Introduction The revolution created by magnetic resonance imaging (MRI) is a result of its ability to utilize the intrinsic differences in the magnetic properties of tissues to provide information about function, structure, and chemistry. This book provides background on a variety of MRI methods and focuses on their application to neurological conditions that manifest with movement disorders. These disorders include neurodegenerative conditions such as Parkinson's disease (PD), Huntington's disease, and ataxia which are characterized by progressive neuronal loss with accompanying neuropathological changes. Meanwhile other movement disorders are not clearly degenerative and tend to have more subtle structural, functional, and neurochemical changes. The focus of many chapters herein will be on PD, which constitutes the second most common neurodegenerative disease after Alzheimer's disease (AD), and is the principle focus of many clinicians and researchers in the movement disorders field. It is stated that approximately 1% of those over 65 years of age have PD . As a result there is substantial focus on PD research, and the discoveries made in basic neuroscience that relate to pathogenic mechanisms of PD (or AD for that matter) are often relevant for lesser known neurodegenerative parkinsonian conditions such as multiple system atrophy (MSA) or progressive supranuclear palsy (PSP). Along with the progress made in basic science research, MRI developments have been applied to PD and have begun to show promise as a surrogate biomarker in research studies. As well these techniques may be more useful clinically in looking at other parkinsonian conditions such as MSA and PSP. While MRI is presently not able directly to image dopaminergic neuronal loss that underlies degenenerative parkinsonian conditions, it can provide complementary data to those obtained with nuclear tracer imaging. First, this chapter will provide an overview of MRI methods which will be discussed in much greater depth in subsequent chapters, and we will cover nascent techniques that we are employing at the University of Minnesota that may ultimately help provide an imaging biomarker of disease.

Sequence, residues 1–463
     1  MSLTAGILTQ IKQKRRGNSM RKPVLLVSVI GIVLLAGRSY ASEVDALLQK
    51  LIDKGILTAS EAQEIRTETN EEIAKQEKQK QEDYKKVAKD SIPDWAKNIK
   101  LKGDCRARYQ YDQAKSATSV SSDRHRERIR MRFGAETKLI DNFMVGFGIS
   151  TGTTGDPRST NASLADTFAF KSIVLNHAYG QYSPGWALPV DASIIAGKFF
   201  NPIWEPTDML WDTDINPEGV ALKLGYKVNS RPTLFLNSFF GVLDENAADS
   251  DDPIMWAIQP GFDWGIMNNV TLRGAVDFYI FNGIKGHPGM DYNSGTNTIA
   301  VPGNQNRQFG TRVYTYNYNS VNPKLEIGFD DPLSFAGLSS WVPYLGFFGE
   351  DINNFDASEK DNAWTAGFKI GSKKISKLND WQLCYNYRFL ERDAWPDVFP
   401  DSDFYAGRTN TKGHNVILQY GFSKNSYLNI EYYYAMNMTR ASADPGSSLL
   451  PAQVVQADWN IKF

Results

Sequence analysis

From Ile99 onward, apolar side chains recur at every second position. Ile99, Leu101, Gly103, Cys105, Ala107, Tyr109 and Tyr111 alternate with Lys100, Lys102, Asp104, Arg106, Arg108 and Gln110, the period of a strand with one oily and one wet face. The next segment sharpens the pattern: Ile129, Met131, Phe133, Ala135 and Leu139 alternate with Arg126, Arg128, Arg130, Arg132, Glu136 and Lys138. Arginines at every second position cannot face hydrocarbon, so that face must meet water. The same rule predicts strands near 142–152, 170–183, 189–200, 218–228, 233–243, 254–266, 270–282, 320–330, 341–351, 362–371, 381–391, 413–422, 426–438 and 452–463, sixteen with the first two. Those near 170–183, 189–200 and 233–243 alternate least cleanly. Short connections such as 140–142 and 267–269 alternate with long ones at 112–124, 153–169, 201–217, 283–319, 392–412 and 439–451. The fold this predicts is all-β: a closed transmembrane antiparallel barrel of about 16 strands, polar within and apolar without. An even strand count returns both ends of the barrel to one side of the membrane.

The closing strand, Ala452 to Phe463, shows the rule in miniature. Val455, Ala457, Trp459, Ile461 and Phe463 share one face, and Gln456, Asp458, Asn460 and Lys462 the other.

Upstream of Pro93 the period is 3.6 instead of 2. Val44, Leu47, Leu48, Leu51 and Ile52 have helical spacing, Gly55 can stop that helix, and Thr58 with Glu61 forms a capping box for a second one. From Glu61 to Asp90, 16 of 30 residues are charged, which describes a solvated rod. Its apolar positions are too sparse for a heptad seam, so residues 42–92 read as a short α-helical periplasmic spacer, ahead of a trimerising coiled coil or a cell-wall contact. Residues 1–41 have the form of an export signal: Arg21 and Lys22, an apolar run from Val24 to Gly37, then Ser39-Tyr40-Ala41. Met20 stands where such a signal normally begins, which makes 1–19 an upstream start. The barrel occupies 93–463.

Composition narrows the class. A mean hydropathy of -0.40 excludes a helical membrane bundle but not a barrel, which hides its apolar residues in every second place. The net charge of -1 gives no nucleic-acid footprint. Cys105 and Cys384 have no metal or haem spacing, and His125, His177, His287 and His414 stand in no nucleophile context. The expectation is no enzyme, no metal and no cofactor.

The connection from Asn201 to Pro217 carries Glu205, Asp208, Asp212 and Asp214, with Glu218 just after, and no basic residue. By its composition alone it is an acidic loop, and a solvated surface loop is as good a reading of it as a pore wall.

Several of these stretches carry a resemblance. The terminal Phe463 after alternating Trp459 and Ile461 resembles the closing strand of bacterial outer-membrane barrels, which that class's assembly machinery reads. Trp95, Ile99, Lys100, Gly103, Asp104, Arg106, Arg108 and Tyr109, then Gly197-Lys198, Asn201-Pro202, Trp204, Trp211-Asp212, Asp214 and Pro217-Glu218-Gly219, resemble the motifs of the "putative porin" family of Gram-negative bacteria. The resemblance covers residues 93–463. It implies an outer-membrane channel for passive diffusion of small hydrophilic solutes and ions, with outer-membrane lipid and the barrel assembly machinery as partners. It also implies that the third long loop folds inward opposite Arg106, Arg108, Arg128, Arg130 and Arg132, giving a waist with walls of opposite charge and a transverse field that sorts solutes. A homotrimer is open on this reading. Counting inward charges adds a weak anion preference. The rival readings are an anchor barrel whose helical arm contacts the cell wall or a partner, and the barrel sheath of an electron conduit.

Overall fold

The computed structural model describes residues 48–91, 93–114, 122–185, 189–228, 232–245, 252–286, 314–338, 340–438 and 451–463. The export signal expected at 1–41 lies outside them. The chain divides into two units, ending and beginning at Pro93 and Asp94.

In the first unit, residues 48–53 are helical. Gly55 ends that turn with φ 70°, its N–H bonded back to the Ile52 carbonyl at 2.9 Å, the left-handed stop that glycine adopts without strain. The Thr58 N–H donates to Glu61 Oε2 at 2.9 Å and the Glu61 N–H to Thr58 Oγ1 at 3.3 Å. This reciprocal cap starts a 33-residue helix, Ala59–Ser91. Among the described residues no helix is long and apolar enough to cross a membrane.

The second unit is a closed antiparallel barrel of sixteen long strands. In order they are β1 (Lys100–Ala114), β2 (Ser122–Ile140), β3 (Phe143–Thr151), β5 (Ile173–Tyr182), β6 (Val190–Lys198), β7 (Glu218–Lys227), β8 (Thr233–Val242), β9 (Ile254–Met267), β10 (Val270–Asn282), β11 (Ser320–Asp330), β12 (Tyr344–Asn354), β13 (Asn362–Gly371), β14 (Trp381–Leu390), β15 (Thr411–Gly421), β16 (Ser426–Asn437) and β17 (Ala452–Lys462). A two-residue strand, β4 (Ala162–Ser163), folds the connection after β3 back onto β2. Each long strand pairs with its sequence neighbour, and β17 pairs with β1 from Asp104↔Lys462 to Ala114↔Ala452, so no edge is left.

|Original language||English (US)|
|Title of host publication||Magnetic Resonance Imaging in Movement Disorders|
|Subtitle of host publication||A Guide for Clinicians and Scientists|
|Publisher||Cambridge University Press|
|Number of pages||13|
|State||Published - Jan 1 2006|